Why do we build edifices for the way we hurt?
Let’s start with one form of hurt. Define: pang. A sudden sensation, usually of a painful nature. Normally attached to “hunger” or “of guilt” or “of shame.” There is also the overlapping implication of hunger and shame — a body realizing perhaps a little late that something good is missing from its system, that it could stand to be strengthened by something good for it. Google the definition for “pang” and the search engine describes the feeling as sharp. But aren’t hunger and shame more like a blunt ache, a kind of throbbing? Imagine a balloon filling to its maximum size on the first blow--suddenly full and fragile.
You may also like:
- In 'Pony,' Rex Orange County takes his artistic powers beyond lounge sensibilities
- Why it’s a great time to bring the cassette tape back in your life
- Podcasts, data-burn, OPM—and other insights from Spotify SEA’s head honcho
- Review: With Happiness Begins, maybe it’s time to start taking the Jonas Brothers seriously
The whole of Pang, Caroline Polachek’s latest album, is a finely produced pop album that approaches the pains of love with grace and magnanimity. But while it is only another example of the kind of alternative, out-of-left-field pop we’ve been seeing come out lately (Maggie Rogers, Rina Sawayama, Charli XCX, Now Now, Wet), the title track is special, tender, approaching desire and hurt in a way you don’t hear often.
The song begins with a twinkling synth lick that flickers in and out of the track like fireflies in tall grass. Subdued clicking percussion cues us for a spacious vocal harmony, clearing all preceding silence like a Gregorian choir. “There’s a look in your eyes when you’re hungry for me,” Polachek sings. “It’s a beautiful knife cutting right where the fear should be.” Not since Ezra Koenig’s “In A Station At the Metro” has there been a couplet loaded with more power. And all Polachek needs is one couplet to establish “Pang’s” thesis before launching into the chorus. Onomatopoeia. “Into me, pang! And I go / into you, pang! and you go / into me.” The lilt of her falsetto is not unlike Imogen Heap’s, smooth but full, like a pelican gliding over and scooping water. And there’s something about the rap-like delivery of “Tell me what you’re afraid of” in the bridge that plugs the hole in my heart that Drake’s Take Care used to fill.
Some of you might be familiar with Polachek’s work with her old band Chairlift. I remember catching their “Bruises” video on Channel V. This was 2008, and I couldn’t understand, naively, why anyone would batter themselves black and blue with clumsy stunt displays for a lover. I’d run into her work again in a feature with PC Music producer Danny L. Harle. The PC Music label has been described by critics as alien, a self-conscious parody of Billboard pop that embraces its most artificial, commercial, bubblegum elements to create something almost inhuman—like they found the sonic equivalent of the uncanny valley. The particular song Polachek sang with Harle in “Ashes of Love” almost fits this bill: abrasive synths blasting out of some vision of a tech dystopia. But Polachek grounds it, gives it flesh and blood when she howls, “Burning, burning me up / ashes of love / it’s torture, and torture’s not enough.”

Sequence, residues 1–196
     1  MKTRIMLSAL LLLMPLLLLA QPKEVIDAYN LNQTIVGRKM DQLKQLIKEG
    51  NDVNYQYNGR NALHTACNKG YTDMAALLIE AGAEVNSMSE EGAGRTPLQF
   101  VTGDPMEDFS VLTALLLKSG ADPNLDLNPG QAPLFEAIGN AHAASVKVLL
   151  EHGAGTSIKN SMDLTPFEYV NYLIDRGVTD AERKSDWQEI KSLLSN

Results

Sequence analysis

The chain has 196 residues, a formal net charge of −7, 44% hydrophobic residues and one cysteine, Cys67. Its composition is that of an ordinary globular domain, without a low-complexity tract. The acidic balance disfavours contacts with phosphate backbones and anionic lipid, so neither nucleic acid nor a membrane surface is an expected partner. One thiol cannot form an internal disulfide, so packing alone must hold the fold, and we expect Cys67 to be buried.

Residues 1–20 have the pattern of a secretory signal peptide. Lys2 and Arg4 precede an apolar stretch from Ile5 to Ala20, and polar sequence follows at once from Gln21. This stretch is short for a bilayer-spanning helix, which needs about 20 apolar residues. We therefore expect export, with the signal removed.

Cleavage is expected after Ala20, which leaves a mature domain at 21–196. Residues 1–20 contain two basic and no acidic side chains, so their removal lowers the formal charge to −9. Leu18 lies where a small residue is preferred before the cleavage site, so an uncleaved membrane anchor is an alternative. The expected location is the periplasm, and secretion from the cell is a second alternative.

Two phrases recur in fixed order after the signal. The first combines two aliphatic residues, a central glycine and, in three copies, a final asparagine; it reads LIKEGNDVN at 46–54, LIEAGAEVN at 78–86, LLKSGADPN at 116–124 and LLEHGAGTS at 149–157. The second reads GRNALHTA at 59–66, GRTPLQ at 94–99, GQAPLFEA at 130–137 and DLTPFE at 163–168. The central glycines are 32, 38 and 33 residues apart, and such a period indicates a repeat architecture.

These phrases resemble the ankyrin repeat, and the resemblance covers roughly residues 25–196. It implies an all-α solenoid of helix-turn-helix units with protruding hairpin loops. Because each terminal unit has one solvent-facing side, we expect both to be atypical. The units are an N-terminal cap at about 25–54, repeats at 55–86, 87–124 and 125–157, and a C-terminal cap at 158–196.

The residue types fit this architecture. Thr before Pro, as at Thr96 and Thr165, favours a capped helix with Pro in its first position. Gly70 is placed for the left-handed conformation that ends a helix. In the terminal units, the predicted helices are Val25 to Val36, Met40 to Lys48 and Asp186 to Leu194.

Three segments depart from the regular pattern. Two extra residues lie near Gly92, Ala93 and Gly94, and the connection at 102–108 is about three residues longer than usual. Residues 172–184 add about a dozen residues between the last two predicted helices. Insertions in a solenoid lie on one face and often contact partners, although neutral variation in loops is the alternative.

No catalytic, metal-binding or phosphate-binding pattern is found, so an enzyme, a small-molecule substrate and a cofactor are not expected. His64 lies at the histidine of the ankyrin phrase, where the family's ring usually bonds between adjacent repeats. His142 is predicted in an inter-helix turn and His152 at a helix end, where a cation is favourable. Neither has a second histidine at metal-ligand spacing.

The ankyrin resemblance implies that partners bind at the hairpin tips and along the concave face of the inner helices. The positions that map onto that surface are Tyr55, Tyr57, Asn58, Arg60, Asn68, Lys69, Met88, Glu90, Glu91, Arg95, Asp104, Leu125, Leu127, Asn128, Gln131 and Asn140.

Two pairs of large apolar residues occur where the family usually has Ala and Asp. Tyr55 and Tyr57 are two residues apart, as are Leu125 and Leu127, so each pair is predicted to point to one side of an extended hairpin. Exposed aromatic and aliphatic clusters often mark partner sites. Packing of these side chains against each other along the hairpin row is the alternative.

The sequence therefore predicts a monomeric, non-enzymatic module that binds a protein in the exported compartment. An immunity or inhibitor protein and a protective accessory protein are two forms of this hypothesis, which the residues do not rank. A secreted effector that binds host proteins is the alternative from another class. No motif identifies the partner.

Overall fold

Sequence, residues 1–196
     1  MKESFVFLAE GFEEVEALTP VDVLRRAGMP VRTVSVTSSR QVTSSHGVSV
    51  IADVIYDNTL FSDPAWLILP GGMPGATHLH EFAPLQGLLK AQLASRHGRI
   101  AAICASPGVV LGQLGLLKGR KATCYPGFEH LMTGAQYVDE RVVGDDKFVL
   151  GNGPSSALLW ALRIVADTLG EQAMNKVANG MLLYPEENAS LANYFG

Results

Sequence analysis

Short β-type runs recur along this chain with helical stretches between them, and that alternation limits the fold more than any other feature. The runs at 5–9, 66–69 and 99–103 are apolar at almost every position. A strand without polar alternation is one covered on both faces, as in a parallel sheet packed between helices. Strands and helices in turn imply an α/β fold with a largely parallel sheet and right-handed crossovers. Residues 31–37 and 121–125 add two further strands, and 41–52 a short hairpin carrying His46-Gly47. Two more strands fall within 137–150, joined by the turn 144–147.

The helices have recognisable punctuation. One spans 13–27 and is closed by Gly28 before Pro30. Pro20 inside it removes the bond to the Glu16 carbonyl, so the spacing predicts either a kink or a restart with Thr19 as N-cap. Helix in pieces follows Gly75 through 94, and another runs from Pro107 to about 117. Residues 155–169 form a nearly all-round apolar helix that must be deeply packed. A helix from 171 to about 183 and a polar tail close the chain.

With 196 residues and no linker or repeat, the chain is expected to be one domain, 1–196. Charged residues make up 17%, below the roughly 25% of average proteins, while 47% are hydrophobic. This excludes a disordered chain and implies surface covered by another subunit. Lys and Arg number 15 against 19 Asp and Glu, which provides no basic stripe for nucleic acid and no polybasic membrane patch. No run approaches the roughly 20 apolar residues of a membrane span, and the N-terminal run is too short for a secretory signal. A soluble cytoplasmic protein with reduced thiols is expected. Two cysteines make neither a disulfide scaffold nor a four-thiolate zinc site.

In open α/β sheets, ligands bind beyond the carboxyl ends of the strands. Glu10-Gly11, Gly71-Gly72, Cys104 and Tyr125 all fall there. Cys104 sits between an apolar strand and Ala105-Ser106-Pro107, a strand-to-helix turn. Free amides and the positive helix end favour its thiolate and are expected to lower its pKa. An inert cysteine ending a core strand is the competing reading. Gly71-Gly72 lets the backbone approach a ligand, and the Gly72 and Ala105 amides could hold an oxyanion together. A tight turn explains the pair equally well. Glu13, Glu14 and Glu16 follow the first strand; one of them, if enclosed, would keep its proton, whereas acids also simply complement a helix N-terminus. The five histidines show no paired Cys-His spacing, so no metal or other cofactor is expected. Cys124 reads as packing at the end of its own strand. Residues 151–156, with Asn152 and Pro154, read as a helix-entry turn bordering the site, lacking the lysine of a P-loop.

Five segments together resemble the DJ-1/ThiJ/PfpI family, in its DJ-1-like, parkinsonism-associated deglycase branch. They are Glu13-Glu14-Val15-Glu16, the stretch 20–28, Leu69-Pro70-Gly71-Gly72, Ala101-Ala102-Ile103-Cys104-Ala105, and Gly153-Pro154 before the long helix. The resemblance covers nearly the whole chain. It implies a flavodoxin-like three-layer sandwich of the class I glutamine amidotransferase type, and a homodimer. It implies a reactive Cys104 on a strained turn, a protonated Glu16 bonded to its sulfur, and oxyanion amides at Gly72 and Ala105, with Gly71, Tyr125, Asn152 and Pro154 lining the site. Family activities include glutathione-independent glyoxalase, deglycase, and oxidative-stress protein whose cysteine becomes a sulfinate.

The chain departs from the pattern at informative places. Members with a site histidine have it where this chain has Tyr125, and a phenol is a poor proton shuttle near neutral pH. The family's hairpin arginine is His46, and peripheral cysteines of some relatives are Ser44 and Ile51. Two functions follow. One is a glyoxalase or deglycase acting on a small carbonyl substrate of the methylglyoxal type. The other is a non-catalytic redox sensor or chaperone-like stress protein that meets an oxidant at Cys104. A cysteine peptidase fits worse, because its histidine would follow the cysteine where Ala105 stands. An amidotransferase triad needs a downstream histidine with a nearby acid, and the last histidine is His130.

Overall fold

These were the works that eased me into the way Polacheck sings of love, pain, and their sweet interstice. Another track on her new album, “So Hot You’re Hurting My Feelings,” perfectly captures this emotion. The music video shows Polachek lackadaisically dancing in hell as she pines for an ex because he’s so! Freakin’! Hot! Anyone who looks at a thirst trap pic and feels like a knife is plunging straight into their sternum knows this feeling. There’s a reason the French describe the orgasm as “the little death.” There is something about desire’s most intense conclusion that feels like rushing headlong into the reaper’s arms. In either case, sweet release.
Why do we build edifices for the way we hurt? Maybe it is our way of honoring the pain, of giving due credit to the thing so powerful it pierced through our painstakingly defined defenses. I am the kind of person who pines. I pine for people I’ve lost. I pine for people I still have in my life but haven’t seen for a couple of weeks. Even when I’m committed to someone I love and they’re committed to me, I pine, haunted by visions of possible loss.
But the hurt in “Pang” is not the battering ram that breaks through stone walls. “It’s a beautiful knife cutting right where the fear should be.” It is an incision. A love like an instrument of healing. I imagine the addressee of “Pang” to be a lover who has been around for a while, or at least a new love so amazing it makes you push all your chips to the middle of the table, confident in this all or nothing, because you know you’re coming home winning it all.
Maybe I’m jinxing it to bring this up: I’m in a relationship with someone I love, who loves me. It’s good. It’s so good. But it still hurts. Why?
Because it hurts the way your chest tightens at the sight of the earth from a thousand feet off the ground. It hurts the way a good cup of coffee enlivens your heart so much you feel you could burst with light. No hunger or shame in those things. I tell my beloved, I keep being astonished with how good it is. “Get me in like a secret / I open the door and you run through,” Polachek sings. Isn’t that also a pang? A defense so efficiently breached it feels like a kind of cutting through?
Perhaps we build edifices for the way we hurt, on the off-chance that someone will come along to sweetly demolish them, and build a new monument of love in its place. The sound of “Pang” is the sound of love being constructed.